Francis tough to figure out
Pope Francis I already has proven himself to be someone the world can’t quite figure out.
A humble man who rose to the highest point of the hierarchy of the Catholic Church. A man who would take the bus instead of the ornate limousine, who would live in an apartment with a simple heater instead of the palatial surroundings one might associate with a prince of the church.
A man who wants outreach to the poor to be the mission, while knowing how to work with the powerful.
Cardinal Jose Mario Bergoglio is a different sort of leader, and it should prove to be that he will be a different sort of pope.
The firsts of his papacy are surrounding him. First pope from the West. First pope from Latin America. First pope from the Jesuit order. First pope to take the name of St. Francis of Assisi.
Under the simplicity – the man who rode the bus with the rest of the cardinals after he was named pope, and who paid his hotel bill on Thursday – there is a complex pragmatism, a man who knows right from wrong and who takes steps to achieve the work of the church, even when those steps are unpopular.
Head of the Jesuits in Argentina during the brutal rule of a military junta in the 1970s and 1980s, he was faulted for some of his moves, as the Catholic Church was seen as not standing up strongly against the brutality. Bergoglio is even accused of taking actions that sent two priests into the hands of the junta. However, there is evidence to support his work to free the two priests behind the scenes, as they were among very, very few to be released instead of executed.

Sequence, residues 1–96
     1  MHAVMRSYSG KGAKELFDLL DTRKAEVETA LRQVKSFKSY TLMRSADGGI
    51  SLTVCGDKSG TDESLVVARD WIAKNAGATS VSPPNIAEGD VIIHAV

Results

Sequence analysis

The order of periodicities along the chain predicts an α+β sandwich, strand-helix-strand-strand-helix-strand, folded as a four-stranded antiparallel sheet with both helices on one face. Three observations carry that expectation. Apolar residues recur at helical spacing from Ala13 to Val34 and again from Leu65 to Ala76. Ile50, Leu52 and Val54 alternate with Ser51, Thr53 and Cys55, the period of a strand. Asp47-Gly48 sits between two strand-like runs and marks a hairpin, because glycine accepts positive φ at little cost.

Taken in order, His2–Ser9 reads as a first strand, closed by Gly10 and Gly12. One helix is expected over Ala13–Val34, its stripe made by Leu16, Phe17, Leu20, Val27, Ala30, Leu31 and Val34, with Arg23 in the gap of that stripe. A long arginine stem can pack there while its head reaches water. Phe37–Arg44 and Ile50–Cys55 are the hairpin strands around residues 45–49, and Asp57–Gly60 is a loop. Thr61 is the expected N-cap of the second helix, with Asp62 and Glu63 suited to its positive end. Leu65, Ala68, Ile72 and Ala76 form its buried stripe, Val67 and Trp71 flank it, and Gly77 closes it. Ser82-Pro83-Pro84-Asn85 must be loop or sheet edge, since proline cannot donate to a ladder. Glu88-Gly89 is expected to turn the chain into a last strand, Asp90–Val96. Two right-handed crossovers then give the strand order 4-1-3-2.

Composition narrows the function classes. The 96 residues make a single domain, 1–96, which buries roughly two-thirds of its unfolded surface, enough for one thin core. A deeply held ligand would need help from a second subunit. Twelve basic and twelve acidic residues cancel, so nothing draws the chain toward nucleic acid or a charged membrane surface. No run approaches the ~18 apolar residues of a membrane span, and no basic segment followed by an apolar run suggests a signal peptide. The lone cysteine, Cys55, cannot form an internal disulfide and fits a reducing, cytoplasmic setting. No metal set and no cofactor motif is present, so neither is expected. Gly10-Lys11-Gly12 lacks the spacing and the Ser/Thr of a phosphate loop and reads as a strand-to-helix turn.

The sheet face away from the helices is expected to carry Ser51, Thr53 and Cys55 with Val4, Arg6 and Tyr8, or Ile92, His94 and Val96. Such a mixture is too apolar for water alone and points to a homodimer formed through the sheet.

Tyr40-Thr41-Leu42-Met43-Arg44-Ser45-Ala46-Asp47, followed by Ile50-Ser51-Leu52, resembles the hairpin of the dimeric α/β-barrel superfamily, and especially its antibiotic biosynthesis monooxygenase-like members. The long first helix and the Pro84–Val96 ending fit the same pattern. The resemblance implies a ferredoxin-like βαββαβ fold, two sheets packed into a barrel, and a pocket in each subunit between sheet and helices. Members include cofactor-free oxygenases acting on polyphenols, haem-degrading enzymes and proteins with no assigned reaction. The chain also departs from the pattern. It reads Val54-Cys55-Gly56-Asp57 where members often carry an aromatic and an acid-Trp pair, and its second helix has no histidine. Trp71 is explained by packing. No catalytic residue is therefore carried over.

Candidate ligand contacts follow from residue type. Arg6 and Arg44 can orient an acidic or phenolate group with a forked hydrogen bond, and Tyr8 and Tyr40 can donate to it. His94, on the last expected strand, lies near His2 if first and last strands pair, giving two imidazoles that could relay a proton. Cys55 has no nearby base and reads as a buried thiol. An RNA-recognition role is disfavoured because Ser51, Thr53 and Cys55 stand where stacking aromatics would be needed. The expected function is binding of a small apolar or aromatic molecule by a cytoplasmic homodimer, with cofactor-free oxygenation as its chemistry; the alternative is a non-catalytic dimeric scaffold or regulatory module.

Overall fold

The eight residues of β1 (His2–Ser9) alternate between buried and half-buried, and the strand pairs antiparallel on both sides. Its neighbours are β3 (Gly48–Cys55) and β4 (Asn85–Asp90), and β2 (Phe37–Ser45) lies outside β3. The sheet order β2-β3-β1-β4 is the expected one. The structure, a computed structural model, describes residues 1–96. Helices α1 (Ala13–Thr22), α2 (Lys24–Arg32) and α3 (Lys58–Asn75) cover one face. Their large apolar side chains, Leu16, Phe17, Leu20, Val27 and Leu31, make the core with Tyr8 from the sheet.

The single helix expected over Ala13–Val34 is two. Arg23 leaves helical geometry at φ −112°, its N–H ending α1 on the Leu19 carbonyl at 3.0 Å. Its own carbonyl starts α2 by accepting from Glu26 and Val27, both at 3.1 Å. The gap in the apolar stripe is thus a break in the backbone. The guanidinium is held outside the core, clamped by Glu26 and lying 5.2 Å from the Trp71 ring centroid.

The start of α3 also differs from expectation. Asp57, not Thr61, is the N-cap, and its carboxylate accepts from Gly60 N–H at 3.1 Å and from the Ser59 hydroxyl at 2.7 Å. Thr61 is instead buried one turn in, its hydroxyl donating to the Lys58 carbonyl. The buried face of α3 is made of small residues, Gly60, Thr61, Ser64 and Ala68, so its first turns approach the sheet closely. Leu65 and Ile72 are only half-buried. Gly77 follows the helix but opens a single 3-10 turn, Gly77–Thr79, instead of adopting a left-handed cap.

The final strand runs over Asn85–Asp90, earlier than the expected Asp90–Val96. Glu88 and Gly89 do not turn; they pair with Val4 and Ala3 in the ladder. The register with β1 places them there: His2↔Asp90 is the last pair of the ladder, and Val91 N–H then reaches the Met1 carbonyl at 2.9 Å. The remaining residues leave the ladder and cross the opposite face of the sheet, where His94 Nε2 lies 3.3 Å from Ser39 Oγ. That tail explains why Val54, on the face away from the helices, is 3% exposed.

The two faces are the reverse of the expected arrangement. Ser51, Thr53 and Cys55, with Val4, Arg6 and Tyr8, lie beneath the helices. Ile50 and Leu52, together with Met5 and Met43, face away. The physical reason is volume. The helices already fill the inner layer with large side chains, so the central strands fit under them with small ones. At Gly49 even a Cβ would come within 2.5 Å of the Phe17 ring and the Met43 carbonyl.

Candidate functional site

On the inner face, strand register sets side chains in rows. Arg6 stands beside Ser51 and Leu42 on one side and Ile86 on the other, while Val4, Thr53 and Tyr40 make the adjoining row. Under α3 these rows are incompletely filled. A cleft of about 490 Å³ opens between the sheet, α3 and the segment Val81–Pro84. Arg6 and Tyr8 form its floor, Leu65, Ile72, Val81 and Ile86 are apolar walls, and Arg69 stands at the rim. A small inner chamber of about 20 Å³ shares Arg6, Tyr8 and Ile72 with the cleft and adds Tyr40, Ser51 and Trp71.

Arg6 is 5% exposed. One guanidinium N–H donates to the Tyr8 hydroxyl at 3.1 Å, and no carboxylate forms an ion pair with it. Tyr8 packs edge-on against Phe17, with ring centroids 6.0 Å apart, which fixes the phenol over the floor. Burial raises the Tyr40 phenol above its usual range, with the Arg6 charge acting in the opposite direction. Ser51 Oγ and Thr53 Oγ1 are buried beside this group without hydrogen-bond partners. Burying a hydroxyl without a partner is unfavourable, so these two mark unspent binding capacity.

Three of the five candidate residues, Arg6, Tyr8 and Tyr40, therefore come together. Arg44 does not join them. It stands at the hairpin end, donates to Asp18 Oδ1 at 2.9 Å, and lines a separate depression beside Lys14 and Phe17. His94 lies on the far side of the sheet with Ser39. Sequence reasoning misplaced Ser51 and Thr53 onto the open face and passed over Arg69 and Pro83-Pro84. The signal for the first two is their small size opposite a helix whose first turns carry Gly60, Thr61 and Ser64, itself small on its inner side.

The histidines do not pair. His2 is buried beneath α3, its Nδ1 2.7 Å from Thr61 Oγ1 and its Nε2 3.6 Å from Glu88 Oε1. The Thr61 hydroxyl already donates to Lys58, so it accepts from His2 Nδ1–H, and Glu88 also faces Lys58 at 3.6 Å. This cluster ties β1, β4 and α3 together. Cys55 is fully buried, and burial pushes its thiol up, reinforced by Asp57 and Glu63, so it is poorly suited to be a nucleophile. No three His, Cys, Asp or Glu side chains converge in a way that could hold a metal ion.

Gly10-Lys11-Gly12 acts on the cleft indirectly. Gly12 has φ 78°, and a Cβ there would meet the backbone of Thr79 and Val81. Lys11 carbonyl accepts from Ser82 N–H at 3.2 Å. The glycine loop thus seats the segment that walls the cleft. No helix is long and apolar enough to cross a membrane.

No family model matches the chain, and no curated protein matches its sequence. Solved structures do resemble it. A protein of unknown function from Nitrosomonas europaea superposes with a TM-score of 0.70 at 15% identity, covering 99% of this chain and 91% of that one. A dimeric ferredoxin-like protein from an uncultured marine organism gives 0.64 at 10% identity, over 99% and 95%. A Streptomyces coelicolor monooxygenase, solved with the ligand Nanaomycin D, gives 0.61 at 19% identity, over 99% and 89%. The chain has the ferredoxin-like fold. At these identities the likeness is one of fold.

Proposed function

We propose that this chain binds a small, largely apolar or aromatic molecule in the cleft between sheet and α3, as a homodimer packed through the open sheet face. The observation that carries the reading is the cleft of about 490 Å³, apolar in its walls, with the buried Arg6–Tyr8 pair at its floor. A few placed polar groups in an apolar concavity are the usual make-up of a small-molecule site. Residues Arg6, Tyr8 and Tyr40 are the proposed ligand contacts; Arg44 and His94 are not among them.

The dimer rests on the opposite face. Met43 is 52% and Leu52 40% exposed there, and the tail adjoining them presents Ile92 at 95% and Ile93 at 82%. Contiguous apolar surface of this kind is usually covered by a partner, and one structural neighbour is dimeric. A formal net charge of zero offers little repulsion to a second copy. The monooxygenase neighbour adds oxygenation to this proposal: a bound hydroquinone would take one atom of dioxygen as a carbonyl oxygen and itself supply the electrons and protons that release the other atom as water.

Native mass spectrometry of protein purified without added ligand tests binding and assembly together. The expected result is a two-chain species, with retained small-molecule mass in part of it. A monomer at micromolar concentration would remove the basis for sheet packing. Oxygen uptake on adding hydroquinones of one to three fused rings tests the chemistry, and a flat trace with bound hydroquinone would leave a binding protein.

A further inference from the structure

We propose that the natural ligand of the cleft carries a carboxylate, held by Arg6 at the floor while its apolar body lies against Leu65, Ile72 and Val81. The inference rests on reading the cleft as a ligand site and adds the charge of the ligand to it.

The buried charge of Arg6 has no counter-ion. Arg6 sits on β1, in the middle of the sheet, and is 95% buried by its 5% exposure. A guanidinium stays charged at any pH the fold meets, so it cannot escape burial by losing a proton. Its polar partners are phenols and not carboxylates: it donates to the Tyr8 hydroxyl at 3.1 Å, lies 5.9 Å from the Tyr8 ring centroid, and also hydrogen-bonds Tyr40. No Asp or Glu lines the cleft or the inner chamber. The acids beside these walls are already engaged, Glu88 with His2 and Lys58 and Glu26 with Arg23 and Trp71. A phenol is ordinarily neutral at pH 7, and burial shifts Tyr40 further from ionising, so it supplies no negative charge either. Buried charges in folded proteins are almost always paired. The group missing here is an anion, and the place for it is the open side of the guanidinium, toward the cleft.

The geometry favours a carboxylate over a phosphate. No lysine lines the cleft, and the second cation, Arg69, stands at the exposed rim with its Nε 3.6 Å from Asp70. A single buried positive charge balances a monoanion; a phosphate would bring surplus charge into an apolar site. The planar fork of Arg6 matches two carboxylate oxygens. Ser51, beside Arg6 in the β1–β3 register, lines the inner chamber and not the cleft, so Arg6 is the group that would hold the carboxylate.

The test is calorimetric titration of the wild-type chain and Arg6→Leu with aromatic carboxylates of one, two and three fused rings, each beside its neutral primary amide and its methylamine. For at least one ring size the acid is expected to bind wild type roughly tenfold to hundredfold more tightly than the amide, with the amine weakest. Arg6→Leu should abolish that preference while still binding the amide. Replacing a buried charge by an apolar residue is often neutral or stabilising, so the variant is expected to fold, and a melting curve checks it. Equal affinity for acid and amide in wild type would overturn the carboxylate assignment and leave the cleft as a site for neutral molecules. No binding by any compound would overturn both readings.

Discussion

He criticizes the unequal distribution of wealth, having seen it in ways much of the world does not, firsthand in his homeland. He rails against the damage of runaway capitalism, but Francis never moved into twisted liberation theology, which mixes religion and Karl Marx.
And while it will be interesting to watch the Catholic Church move away from dogma and into action, the basic tenets of the church remain: Family, controlling the base appetites of man and serving others. Pope Francis is a man of strength in traditional values, taking strong stances against abortion, homosexuality and birth control. Yet, he is a man of gentle support, urging his brother priests not to be hypocritical in dealing with people who have made mistakes.
He is a man unlike most in the world today, neither all the way on the left, nor all the way on the right, a man led by belief and faith, not by power, pomp and circumstance.
In Pope Francis I, perhaps people can learn, despite the weeks of mistaken coverage since Benedict XVI resigned, that the Catholic Church isn’t a democracy, nor is it shiftable with the winds of popular trendiness. It is a 2,000-year-old institution that stands for something beyond this world and its ways are not of this world.